As such, it said, "we believe it would be irresponsible to wait until we have higher levels of the newer variants... circulating before we act".As such, it said, "we believe it would be irresponsible to wait until we have higher levels of the newer variants... circulating before we act".
In a similar letter, Bury Council's interim assistant director of education and inclusion, Julien Kramer, said there was a risk that progress made in reducing case numbers could be "undermined by the spread of this more infectious variant".In a similar letter, Bury Council's interim assistant director of education and inclusion, Julien Kramer, said there was a risk that progress made in reducing case numbers could be "undermined by the spread of this more infectious variant".
"I am sure that you will understand the need for caution at this time," he added."I am sure that you will understand the need for caution at this time," he added.
Sefton's public health team has also advised that masks should be worn in schools beyond Monday in areas experiencing outbreaks.Sefton's public health team has also advised that masks should be worn in schools beyond Monday in areas experiencing outbreaks.
The move has been supported by the Association of School and College Leaders teaching union.The move has been supported by the Association of School and College Leaders teaching union.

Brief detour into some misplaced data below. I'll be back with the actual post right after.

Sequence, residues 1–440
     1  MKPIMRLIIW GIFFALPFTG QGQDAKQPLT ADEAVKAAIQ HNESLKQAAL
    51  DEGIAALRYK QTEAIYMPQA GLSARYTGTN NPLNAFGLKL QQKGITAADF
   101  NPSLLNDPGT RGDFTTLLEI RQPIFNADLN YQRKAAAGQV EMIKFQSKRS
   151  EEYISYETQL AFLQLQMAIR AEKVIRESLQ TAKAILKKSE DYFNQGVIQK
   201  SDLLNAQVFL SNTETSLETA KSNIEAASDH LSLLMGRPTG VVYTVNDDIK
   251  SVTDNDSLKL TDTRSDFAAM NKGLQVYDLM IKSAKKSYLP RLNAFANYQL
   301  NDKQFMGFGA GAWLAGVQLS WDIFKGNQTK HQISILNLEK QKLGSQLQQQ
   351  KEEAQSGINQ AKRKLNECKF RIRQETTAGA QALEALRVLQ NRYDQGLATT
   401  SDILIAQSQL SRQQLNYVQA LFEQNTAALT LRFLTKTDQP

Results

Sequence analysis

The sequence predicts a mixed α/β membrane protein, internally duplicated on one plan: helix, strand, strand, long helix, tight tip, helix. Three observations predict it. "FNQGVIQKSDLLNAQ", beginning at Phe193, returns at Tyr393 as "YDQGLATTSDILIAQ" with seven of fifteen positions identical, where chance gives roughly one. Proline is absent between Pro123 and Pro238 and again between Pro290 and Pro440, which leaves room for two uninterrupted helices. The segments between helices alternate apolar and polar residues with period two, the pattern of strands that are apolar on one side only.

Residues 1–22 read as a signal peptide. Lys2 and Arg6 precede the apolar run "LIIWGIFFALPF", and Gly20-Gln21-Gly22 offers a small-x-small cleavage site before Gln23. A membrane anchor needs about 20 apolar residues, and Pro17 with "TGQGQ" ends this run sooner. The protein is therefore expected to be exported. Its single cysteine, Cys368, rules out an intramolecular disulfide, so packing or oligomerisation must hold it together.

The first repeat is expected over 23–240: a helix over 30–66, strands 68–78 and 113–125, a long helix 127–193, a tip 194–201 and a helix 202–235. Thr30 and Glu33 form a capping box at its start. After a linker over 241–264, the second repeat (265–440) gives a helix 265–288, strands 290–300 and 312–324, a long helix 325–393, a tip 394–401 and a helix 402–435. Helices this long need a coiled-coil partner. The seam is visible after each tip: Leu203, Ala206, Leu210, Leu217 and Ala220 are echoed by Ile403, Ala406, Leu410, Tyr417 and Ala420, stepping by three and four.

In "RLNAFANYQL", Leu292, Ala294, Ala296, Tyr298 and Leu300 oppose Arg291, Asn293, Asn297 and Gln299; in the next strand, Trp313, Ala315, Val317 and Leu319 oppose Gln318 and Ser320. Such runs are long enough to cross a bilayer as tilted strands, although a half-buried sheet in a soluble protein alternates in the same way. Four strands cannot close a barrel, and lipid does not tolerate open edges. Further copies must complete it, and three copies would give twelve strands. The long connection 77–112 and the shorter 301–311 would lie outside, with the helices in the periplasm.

General secretary Geoff Barton said there was "clearly a great deal of concern about the variant...and the situation is obviously going to be fluid in the immediate future with regards to face masks".General secretary Geoff Barton said there was "clearly a great deal of concern about the variant...and the situation is obviously going to be fluid in the immediate future with regards to face masks".
"We back schools in the decisions they make," he added."We back schools in the decisions they make," he added.
Why not follow BBC North West on Facebook, Twitter and Instagram? You can also send story ideas to northwest.newsonline@bbc.co.ukWhy not follow BBC North West on Facebook, Twitter and Instagram? You can also send story ideas to northwest.newsonline@bbc.co.uk